Dry Riser Installation Regulations
Uk Dry riser regulations declare that they should be installed in buildings where the level is 18 metres above the bottom level to 60 metres above ground level. The thought you should give for the overall installation of design of the dry riser mains should be: that all of your parts and pipework should be made out of galvanized steel.
Have you ever seen a fire being combated in a tall building with proper safety measures and precautions? Did you wonder about how it was done? If you don’t know, then you have never heard of a dry riser.
A dry riser is an empty pipe with an outlet that firefighters can pass water through to higher floors in the building. If you live in a tall building, you need to know more about this system and the regulations that guide its installation and maintenance. We have provided all the details you need below.
Why Do You Need a Dry Riser?
There is a need to install a functioning and non-automatic fire-fighting system in buildings, especially tall ones. One of such system is a dry riser. The other one is the wet riser system.
A dry riser is a rising main composed of a vertical pipe that has an inlet that runs on the outside of the building and outlets which are placed on every floor in the building. With this system in place, firefighters would find it easier to fight fire in buildings that have floors above eighteen meters to the ground and have about six to seventeen stories.
The dry riser would relieve firefighters the stress of dragging a hose from their service truck up the stairs to get to a floor in the building. The dry riser would help save time and above all the lives of many.
Before you go about installing one in your building, you should know that there are regulations that guide the design and installation of a dry riser. We have discussed some of these regulations below.
When Is A Dry Riser Required?
Developments in modern society came with problems and calls for the invention of modern solutions. One of the contemporary issues we currently face is the inadequate number of buildings to accommodate the expansion brought by modern development.
The fact that space is a luxury in cities where these buildings are most needed is also a significant problem. However, the need to maximize the limited space gave birth to high-rise buildings as we have them today.
There are several benefits and reasons why the construction of high-rise building is essential, especially in the city centres. However, such development also comes with its challenges. One of the major challenges is the difficulty in controlling fire outbreak.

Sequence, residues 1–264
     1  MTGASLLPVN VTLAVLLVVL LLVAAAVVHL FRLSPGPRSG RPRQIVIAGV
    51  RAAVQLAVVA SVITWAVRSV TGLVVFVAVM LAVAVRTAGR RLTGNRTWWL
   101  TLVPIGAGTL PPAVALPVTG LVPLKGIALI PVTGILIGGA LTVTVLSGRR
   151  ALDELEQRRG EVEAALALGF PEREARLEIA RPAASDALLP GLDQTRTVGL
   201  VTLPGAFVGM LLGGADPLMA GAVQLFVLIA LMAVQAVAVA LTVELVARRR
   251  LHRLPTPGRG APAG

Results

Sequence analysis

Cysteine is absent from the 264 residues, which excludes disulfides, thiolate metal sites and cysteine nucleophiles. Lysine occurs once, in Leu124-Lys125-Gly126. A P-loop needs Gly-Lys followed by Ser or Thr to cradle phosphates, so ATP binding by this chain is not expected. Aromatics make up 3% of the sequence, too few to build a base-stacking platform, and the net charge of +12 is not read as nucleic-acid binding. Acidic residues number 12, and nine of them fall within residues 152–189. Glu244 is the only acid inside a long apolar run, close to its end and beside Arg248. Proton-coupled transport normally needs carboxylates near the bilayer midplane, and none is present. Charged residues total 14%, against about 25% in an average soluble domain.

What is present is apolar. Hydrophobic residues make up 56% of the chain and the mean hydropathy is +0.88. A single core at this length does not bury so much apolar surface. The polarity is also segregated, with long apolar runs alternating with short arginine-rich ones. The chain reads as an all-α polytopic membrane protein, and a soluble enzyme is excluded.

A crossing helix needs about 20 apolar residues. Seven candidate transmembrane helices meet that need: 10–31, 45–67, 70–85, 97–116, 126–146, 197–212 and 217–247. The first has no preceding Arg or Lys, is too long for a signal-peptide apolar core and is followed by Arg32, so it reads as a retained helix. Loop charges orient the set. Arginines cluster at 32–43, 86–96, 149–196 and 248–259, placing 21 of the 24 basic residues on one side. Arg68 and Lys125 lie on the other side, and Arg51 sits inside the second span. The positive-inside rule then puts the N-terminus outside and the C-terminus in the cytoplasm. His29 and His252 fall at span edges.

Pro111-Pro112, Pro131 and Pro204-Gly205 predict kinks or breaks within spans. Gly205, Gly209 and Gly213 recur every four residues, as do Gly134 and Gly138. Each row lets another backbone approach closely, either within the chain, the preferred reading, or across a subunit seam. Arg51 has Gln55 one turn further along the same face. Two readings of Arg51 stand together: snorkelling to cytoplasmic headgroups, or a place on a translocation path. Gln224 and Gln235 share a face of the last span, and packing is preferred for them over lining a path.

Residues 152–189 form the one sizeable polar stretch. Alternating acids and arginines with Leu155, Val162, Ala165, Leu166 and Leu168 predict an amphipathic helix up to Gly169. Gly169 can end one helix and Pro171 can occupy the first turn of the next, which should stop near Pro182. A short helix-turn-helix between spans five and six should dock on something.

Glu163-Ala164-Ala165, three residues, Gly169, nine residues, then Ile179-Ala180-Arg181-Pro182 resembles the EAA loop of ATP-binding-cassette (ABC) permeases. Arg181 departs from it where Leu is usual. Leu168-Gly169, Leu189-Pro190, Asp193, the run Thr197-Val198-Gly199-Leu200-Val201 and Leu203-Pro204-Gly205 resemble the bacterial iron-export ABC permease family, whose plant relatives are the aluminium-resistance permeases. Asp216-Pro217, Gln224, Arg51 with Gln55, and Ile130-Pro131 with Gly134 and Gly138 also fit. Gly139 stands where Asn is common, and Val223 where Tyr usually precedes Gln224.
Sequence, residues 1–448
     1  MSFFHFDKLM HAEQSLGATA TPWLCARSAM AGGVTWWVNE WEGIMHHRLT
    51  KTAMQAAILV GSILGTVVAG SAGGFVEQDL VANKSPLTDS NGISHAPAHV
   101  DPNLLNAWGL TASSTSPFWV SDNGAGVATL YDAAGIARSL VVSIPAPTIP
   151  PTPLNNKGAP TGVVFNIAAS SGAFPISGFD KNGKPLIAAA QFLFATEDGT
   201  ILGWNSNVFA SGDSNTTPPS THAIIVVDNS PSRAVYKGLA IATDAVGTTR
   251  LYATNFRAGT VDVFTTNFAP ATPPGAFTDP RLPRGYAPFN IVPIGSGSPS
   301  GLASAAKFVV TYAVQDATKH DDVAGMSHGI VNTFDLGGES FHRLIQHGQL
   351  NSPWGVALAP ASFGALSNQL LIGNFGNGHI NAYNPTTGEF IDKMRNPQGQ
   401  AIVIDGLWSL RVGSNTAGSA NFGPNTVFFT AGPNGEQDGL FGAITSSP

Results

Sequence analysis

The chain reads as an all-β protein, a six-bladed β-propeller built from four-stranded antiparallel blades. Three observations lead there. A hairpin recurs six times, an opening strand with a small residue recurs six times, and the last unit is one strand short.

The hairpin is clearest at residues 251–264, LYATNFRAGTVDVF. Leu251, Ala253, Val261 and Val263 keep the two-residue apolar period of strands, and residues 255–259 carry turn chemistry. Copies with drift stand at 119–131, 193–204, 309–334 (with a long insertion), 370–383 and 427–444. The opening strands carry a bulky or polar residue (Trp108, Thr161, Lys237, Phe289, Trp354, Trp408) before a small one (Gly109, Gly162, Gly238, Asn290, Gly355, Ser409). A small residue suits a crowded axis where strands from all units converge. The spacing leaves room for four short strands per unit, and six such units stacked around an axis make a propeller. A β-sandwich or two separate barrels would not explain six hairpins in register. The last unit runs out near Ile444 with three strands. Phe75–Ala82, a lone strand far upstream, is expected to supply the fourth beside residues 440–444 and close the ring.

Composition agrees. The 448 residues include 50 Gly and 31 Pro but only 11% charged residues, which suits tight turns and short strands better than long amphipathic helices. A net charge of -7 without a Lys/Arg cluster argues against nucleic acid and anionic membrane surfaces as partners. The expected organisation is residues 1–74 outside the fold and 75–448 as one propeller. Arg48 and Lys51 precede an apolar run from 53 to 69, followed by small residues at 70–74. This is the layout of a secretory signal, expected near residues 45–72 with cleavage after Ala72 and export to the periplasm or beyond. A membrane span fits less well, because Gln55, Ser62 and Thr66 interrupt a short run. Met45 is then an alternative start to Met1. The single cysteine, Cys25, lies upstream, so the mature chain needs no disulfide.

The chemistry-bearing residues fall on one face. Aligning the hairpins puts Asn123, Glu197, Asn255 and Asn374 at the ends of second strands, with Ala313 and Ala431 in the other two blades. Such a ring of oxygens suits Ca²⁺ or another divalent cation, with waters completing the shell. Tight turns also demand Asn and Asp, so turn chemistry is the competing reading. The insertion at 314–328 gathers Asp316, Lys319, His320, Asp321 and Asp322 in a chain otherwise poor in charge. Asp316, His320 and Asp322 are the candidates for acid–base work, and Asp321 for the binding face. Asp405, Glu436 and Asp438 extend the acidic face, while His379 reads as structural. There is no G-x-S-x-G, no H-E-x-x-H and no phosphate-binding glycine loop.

When you think of a fire outbreak in the UK high-rise buildings, one of the significant incidences that come to mind is the Grenfell Tower fire that happened in June 2017. The question that comes to mind as a high-rise building owner, residence, or concerned citizen is how do we prevent the reoccurrence of such?
In the case that fire suddenly breaks out on the tenth floor of an eighteen or more story building, how can we contain it to ensure it doesn’t spread beyond the tenth floor? How convenient is it for fire-fighters to put out the fire on time? These are many more questions that come to mind.
However, the bid to answer these questions of concern came to the fire incident control facility called the dry riser system.
What is a Dry Riser System?
Are you wondering what is a dry riser? Dry Riser System by design is the response to the fire outbreak issue that can plague high-rise buildings, destroying properties, and claiming lives. Therefore, in a bid to limit the damage fire causes in high-rise buildings, a dry riser system becomes necessary.
It is the main pipe that vertically runs through a high-rise building to serve as a means of distributing the required amount of water in multiple level buildings in case of a fire outbreak. In other words, the system gives fire-fighters easy access to water from each floor in a multilevel structure.
Building Regulations in the UK stipulates that buildings that are 18m or taller require a dry riser system. They are not only to occupy high-rise buildings, but they are also included in facilities such as car packs, multilevel basements, hospital corridors, etc.
Therefore, a dry riser system is an essential part of building designs, most importantly, in buildings that exceed 18 meters from the fire-fighter access base to the top floor. They are also required in a building where there are floors that are 10 meters above the ground level.
Regulations for a Dry Riser System
BS9990:2015 gives the recommendation and guidelines for the design, installation, and maintenance of a non-automatic and effective fire-fighting system in a building. The regulations was released on January 2015 with an initial release in 2006 by BSI Standards Ltd.
The regulations also cover the recommendations and instructions on the design, installation, maintenance, and dry riser testing of a riser system. The dry riser regulations require that a rising main for buildings, which are between six and seventeen stories.